If no certificate was installed for CEP and CES during the AD CS Configuration wizard, we will have to do it afterwards. This way the connection between the services and the clients will get encrypted and validated. Plus, if no certificate is installed, clients will not even be able to access the enrollment service.
On the same server where we deployed CEP and CES, open the Internet Information Services (IIS) Manager, select the server name then double-click Server Certificates.
From the Actions pane, click the Create Domain Certificate link in order to open the Create Certificate wizard.
Complete the fields with the information that suits your company then issues the certificate. In the Common name field we need to provide an external FQDN so that our Workgroup clients can reach the CA services trough the internet, if the services are published beyond our internal network.
Once we have the certificate issued, expand the Sites folder and click the Default Web Site. From the Action pane click Bindings.
Select the second binding in the list –https– then hit Edit.
From the SSL certificate drop-down box select the security certificate we just issued and installed in the system. Click OK then Close.
2.4. Verifying the SSL requirement for CEP and CES virtual directories
Now that we have installed the certificate on our Default Web Site, the next thing in further securing the communication between clients and the service is to always require SSL for the connection. By default this is usually enabled, but it does not hurt to verify it.
Still in the IIS Manager, click on the first virtual directory then double click SSL Settings in the Features View.
We need to make sure Require SSL is enabled. If not, tick the box and hit Apply.
Moving on the second virtual directory, the Require SSL setting needs to be the same, enabled.
2.5. Configuring the CEP friendly name
The last configuration we need to do in IIS is to provide a friendly name for our policy service, or we will get the bellow message during the clients enrollment configuration. Also, without a friendly name configured, clients will see an ID instead of a nice self-explanatory name when they request a new certificate.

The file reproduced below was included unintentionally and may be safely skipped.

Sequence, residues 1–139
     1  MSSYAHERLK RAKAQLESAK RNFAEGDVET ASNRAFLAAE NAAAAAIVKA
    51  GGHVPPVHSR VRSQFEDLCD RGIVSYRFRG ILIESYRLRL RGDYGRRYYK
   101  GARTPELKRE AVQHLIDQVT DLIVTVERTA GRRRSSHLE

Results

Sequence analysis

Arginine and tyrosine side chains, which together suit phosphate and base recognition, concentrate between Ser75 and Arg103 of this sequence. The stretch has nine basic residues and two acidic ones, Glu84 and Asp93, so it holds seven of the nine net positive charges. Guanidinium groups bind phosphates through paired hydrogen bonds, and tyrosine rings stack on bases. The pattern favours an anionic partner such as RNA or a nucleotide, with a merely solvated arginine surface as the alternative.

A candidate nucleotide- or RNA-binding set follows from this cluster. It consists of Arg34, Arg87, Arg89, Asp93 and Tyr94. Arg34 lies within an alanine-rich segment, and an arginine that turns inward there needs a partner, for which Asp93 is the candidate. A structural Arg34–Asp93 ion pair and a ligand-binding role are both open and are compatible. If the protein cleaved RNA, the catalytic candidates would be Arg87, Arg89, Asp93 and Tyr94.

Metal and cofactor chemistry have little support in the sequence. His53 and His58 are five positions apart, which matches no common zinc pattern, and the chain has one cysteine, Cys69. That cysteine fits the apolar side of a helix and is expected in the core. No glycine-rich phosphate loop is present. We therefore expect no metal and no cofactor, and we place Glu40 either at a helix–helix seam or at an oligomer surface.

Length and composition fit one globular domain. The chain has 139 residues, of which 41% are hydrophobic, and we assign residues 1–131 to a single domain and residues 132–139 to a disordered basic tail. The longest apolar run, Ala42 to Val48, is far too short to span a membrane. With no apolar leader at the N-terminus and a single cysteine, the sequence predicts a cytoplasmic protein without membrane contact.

“https://<FQDN>/ADPolicyProvider_CEP_UsernamePassword/service.svc/CEP” was validated succesfully but there was no friendly name returned by the remote machine.
Select the CEP virtual directory –ADPolicyProvider_CEP_UsernamePassword– then double-click Application Settings. Here we can see in the Name column a FriendlyName entry. Right-click it and choose Edit.
In the Value filed, provide a name that identifies your organization. This name will be displayed to users in the Enrollment Policy -shown in the client configuration section-.
2.6. Configure Enrollment Servers URI
By default, the Uniform Resource Identifier (URI) is set by the installation wizard to the name of the server where CES it’s installed. This is not a bad thing for internal computers, but since we are publishing this service for outside users also, the URI needs to mach the Common Name in the certificate which is a public one. This is so the enrollment server can send the proper address to the client computer to which it will send the enrollment request.
To fix the URI with the proper one, we need to open ADSIEdit console on one of our domain controllers and connect to the Configuration Naming Context.
Once the console is loaded, expand Configuration <domain name> > CN=Services > CN=Public Key Services > CN=Enrollment Services then right-click the CA name from the right hand pane and choose Properties.
Scroll down the list until you find the msPKI-Enrollment-Servers attribute. Select it then click the Edit button.
As you can see, inside the attribute is the URI for the enrollment and in the first part of the URI is the server name where we deployed our two CA role services. In order for our external users to be able to enroll, we need to edit this with our external FQDN.
Click Remove so the entire URI will be positioned in the edit field then replace the server name with the Common Name that you put in the certificate –see section 2.3.-. Once done, click Add then OK twice.
3. Configuring client computers
3.1. Importing the Root CA certificate
For the Workgroup client computers to be able to enroll without any issues, we need to find a way to install the Root CA certificate(s) into the computer Trusted Root Store or they will get the bellow error message during the enrollment configuration. As you can probably guess, this happens because the client computer cannot built the certificate trust since it is missing the Root CA certificate. In case of multi-level CAs, the same rule applies, and if one of the Root certificates is missing from the trust chain, the Enrollment Policy Server configuration will trow the same error message.
An error occurred while obtaining certificate enrollment policy. Url: https://<FQDN>/ADPolicyProvider_CEP_UsernamePassword/service.svc/CEP
Error: The certificate authority is invalid or incorrect 0x80072f0d (WinHttp: 12045 ERROR_WINHTTP_SECURE_INVALID_CA)